I strongly disagree with removing the contributing element/section though.
I think we should strive to make the division between user and contributor as blurry as possible, and I think this goes against this
Most of the content is currently code based with some doc centric pages, but I think we should work on extending this, and not all contributions require using GitHub.
I think it is much better to read pages rendered from the docs. We can use note/warning/tip boxes to highlight specific sentences, we can use tabs/dropdowns for alternative content or recommendations that are not vital to understanding all the page, we can link between pages and to api pages much more easily and robustly (we already use all this in different pages of the contributing section)
Do we want all websites to look the same and share the navbar or only the docs and examples ones?
What should be the items (and order) in the shared navbar?
Who can work on and maintain the sphinx extension to generate the examples landing page with cards?
What sections should there be in the main homepage at pymc.io
What should be the content in the learning or user guide section of the navbar
Some extra context. The new learning page doesn’t only have the content of the old page, it also has more “user guide” style content like the notebooks on core features. Those are a very small subset of notebooks that we decided should be versioned like pymc releases (and are therefore run on readthedocs when building the docs).
and also corollary from this is that closed questions are:
No installation, community, blog or about the project section? Everything must be inside one of these navbar sections, where would the blog, current community page, history, ecosystem, testimonial sections be if using these elements only? Or the installation instructions if we make the learning page be the v3 one
Should the search bar continue to be on the navbar? And icons on the right?
Re search bar, I think it would be crazy that the search bar returned different results depending on the page the user is in, given we are trying to hide the fact they are different websites from them. I can think of a way to solve this using the subprojecta feature which would then mean making everything a subproject of pymc.io and everything being hosted at The PyMC project — Keeping up with PyMC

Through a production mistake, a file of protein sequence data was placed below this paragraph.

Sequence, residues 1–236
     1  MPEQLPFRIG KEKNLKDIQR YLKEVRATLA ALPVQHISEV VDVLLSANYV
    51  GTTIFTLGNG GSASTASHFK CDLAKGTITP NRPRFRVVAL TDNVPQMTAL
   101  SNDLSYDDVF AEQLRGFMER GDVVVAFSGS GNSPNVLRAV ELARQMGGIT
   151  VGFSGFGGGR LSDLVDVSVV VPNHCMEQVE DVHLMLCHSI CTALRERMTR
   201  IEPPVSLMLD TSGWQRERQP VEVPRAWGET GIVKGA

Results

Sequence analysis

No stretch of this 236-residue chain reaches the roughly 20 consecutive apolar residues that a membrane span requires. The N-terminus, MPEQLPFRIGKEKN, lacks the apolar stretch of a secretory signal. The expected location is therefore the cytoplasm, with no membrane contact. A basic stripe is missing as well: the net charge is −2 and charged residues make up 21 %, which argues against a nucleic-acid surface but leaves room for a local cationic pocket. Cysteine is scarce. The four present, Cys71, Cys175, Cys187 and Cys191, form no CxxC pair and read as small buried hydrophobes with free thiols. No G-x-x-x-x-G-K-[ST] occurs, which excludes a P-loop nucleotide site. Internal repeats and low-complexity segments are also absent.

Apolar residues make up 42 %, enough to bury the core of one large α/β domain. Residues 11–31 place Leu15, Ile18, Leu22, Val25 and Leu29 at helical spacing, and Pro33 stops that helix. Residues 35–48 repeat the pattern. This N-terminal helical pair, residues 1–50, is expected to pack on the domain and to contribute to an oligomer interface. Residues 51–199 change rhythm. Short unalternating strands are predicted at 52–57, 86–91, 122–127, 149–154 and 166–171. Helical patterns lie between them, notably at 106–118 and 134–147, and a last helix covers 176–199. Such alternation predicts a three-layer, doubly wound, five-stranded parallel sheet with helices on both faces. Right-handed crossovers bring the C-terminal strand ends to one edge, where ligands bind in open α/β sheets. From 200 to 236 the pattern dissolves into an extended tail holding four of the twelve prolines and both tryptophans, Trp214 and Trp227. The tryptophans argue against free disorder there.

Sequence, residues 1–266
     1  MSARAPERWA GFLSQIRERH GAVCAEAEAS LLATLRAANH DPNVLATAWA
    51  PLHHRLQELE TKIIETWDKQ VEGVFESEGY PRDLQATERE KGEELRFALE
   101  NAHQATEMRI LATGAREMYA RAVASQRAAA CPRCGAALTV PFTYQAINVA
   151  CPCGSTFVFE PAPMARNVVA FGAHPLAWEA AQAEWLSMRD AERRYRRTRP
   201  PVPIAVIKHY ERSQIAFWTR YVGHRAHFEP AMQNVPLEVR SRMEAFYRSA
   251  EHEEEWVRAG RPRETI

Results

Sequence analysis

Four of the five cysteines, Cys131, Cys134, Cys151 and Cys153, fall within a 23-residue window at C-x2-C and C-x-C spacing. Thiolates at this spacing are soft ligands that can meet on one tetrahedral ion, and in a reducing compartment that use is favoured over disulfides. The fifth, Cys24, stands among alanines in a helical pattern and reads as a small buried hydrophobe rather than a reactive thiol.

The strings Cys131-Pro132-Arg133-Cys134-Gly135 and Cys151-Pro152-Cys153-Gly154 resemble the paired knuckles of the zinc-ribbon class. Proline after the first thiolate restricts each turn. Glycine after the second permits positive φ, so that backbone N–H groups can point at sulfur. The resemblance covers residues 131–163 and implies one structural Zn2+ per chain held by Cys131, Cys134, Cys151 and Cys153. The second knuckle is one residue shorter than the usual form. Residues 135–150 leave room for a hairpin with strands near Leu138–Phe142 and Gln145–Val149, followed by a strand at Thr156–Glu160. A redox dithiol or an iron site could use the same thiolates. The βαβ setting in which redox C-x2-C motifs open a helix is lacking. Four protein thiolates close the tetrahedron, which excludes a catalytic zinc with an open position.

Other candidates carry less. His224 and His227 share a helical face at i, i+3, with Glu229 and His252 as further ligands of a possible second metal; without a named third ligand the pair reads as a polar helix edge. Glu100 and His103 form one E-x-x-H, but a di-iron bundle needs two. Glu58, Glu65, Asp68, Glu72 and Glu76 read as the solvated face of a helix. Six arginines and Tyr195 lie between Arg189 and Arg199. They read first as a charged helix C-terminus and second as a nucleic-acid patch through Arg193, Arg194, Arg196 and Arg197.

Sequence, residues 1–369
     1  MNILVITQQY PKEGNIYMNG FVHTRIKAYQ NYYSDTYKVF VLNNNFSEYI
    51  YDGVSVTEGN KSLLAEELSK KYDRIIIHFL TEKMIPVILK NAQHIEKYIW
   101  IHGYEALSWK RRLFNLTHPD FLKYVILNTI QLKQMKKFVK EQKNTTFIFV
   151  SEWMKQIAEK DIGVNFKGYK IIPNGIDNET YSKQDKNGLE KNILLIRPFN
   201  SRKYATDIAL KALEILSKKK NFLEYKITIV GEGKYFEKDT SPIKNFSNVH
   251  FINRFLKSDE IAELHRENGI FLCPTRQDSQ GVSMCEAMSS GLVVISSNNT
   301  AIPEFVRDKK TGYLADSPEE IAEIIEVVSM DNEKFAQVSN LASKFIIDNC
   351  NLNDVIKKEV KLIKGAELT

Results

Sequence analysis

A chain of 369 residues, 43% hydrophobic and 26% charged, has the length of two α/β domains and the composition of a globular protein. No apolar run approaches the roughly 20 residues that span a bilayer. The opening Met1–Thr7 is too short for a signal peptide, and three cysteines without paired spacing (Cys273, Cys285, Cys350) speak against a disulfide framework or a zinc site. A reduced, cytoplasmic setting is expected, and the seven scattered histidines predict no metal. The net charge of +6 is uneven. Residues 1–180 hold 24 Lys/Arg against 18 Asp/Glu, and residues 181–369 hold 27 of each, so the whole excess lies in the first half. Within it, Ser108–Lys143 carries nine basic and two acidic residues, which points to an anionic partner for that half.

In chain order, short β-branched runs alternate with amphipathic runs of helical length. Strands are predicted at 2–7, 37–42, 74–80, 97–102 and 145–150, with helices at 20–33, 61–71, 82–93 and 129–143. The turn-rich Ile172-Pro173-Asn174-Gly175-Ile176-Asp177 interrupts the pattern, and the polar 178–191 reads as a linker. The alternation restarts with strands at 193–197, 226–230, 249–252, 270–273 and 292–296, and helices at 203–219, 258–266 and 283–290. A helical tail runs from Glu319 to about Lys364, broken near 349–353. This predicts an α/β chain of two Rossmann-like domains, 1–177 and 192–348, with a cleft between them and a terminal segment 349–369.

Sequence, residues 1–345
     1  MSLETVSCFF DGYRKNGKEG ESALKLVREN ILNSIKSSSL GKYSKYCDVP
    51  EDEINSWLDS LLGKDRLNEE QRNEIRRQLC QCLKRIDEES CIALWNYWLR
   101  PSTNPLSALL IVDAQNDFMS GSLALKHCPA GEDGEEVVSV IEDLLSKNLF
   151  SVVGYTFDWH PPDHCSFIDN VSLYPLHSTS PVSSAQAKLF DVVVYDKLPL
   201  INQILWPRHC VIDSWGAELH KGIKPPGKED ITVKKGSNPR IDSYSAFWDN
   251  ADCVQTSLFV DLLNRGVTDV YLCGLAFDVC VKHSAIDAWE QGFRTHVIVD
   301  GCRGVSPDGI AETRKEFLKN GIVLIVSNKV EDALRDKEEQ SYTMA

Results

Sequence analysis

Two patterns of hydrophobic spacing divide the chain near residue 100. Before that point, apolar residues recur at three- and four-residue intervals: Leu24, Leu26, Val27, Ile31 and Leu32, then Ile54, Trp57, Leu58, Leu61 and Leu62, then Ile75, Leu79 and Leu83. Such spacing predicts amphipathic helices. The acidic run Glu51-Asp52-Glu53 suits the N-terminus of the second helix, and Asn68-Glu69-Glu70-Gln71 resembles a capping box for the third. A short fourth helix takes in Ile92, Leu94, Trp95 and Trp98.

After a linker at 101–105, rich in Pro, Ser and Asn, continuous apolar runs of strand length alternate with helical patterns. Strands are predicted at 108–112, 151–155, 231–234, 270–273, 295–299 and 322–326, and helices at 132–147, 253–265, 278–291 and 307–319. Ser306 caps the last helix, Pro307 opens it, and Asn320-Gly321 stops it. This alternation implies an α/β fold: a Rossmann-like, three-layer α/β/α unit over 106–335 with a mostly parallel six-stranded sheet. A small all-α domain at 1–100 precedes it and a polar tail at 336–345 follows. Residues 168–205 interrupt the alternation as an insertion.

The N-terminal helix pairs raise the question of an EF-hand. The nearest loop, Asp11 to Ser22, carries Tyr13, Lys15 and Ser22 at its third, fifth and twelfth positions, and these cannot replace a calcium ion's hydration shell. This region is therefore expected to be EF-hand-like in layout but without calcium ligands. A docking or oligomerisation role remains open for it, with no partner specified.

As I commented on github, here I would also add highlighted libraries that build on top of pymc and maybe some links to popular examples.
Installation instructions: We could add this, like scikit-learn does. But they are also on the home page. Correct me if I’m wrong but I think we don’t really currently have an installation page because we have 3 different installation instructions and I think that’s a good enough solution for now to link from the home page.
Community: Good point, maybe we should add that too. Maybe there we add the a link to the blog?
History: I don’t think we need that, could have that be a wiki page
Ecosystem: I don’t think we need that, we could have that as a section on the homepage as you say further below.
Testimonials: We could also have a few good ones on the home page
If we want to add just a bunch we could do what sklearn does and have a “More” fold-out that lists all of them that are important but not that often frequented that it needs a spot in the main navbar.
I would yes to the icons on the right.
Search bar: It’s a good issue you raise and the solution seems fine. I actually never used that feature and don’t have a strong intuition as to what results I would expect. Just search across everything, blog posts, tutorials, announcements, API? So I could do without the search bar.